Immigration and Customs Enforcement is freeing sex slaves partly through software that identifies their geographic locations by synching financial transactions, phone records and other discordant data, ICE officials said on Wednesday.
Typically, datamining incenses civil liberties advocates, but sifting through mounds of personal information is helping U.S. law enforcement and human rights activists to convict participants in the $32 billion human trafficking trade.
“It’s actually leading to us identifying individuals who may be potential victims,” said Angie Salazar, an ICE section chief who investigates human smuggling and trafficking. By looking for trends among old case files and new information, and then “through the special agents’ work -- going out and finding those individuals, we’ve been finding that they have been victims of trafficking.”
Salazar spoke at a symposium to address immigration-related crime that gathered technology companies; senior federal officials; and actress Mira Sorvino, the United Nations Goodwill Ambassador to combat human trafficking. The discussion coincidentally followed a call by the White House on Tuesday to legalize the nation’s estimated 11 million undocumented residents, partly through squelching border crime and easing entry for workers.
Better rules would help ensure “people who come to this country do not come here on false hopes” and instead come legally, ICE Director John Morton said.
He described an operation this year that uncovered an underworld of sexual exploitation where criminals had lured young women from Mexico and Central America to the United States with promises of jobs and a better life, and then forced them into prostitution. The traffickers traded them like cars. A woman would spend a week with a particular trafficker in Georgia, work that town and travel through the trade circuit from handler to handler at a pay rate of $30 dollars for 30 customers per day. “We’re dealing with an entrenched problem and something that deals with the very best and the worst of human nature,” Morton said.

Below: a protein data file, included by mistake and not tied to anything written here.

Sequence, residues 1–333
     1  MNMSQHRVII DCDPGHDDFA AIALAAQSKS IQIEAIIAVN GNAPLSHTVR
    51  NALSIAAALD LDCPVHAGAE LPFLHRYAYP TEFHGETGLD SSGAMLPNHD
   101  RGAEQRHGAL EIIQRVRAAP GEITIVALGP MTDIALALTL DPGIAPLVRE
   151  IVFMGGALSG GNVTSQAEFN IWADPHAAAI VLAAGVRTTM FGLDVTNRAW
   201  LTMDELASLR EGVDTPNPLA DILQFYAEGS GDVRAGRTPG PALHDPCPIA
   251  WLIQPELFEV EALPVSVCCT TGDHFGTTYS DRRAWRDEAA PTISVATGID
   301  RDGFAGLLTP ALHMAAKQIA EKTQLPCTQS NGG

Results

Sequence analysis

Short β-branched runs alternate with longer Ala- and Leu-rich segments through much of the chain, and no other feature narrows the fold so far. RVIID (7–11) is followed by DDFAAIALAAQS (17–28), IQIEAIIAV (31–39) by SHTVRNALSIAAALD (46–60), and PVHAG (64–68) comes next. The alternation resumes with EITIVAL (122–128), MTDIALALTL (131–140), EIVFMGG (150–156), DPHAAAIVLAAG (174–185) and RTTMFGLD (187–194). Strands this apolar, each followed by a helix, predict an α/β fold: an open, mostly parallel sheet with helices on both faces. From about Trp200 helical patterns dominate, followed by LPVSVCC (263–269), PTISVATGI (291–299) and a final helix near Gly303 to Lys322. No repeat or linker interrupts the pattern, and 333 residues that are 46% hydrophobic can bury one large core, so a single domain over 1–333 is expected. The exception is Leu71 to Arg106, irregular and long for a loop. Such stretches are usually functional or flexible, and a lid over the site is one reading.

Data cruncher Palantir, a startup that assists many U.S. intelligence agencies, helps conduct investigations for ICE, contracting documents indicate. At the symposium, company analysts demonstrated their technology through a fictionalized crime-mapping exercise. The software is intended to help federal agents corroborate a victim’s story by fusing case folders, tips and, sometimes, subpoenaed phone records.
In September 2011, ICE awarded Palantir a contract, without considering other vendor proposals, because the agency determined that the firm’s technology could flag individuals and organizations other marketplace technologies could not. “Copious amounts of data from disparate sources was ingested and analyzed within days whereas before these same actions would take months,” agency officials wrote in a justification for the award.
Sorvino, who played a U.S. immigration agent in the 2005 Lifetime miniseries “Human Trafficking,” argued that the international community sometimes re-victimizes sex slaves and forced laborers by the way it prosecutes cases. “More harm is done post-discovery to those emerging from the trauma of trafficking. There is a very real conflation occurring across the world of the crime done and its victims. Instead of survivors being treated as crime victims they are often treated as perpetrators even though the UN and federal laws denote that those who have been trafficked are not responsible for crimes in which their traffickers have been convicted nor in which they had been compelled to be involved by their traffickers,” Sorvino said.